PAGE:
According to Apple, the throttling was meant to extend the lifespans of phones by reducing the chances of sudden shutdowns as phones’ batteries degraded over time. The company didn’t initially explain the practice, however, leading some to believe it was trying to pressure customers into buying new phones (which reportedly happened in some cases). The lawsuit covers people who used the iPhone 6s, iPhone 7 and original iPhone SE before December 21st, 2017.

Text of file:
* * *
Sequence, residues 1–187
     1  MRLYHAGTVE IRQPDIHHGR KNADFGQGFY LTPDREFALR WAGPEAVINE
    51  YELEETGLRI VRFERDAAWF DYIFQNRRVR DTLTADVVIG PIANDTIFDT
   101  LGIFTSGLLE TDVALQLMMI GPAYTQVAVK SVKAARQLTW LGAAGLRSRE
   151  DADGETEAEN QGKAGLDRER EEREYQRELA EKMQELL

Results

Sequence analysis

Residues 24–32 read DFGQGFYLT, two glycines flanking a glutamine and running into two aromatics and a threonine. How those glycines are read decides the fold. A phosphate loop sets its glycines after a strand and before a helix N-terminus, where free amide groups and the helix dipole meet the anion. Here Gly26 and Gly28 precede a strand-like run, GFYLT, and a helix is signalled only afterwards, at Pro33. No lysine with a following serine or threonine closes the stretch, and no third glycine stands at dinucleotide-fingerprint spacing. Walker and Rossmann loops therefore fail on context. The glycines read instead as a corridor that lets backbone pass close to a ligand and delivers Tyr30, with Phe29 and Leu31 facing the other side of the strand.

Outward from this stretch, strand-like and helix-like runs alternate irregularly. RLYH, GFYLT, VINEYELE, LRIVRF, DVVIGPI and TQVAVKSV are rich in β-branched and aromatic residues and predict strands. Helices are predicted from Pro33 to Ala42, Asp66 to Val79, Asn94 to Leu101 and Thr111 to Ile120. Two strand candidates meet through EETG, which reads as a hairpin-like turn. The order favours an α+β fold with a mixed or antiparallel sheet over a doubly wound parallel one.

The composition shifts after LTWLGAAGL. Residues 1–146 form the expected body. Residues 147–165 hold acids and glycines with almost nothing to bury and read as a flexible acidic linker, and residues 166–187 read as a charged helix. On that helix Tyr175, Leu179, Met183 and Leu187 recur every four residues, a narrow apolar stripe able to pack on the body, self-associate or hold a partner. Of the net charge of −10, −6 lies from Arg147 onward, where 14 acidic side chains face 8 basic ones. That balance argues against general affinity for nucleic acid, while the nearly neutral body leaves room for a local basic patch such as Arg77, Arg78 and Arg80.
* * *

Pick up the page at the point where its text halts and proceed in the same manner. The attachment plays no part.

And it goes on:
Like many large-scale settlements, you shouldn’t expect a windfall. The arrangement would pay each iPhone user $25, and that number is only likely to climb (up to $500 per person) if the total payouts, attorney fees and expenses don’t reach at least $310 million. Most likely, this will only help you cover the cost of a battery replacement if you’re still using a device included in the settlement.
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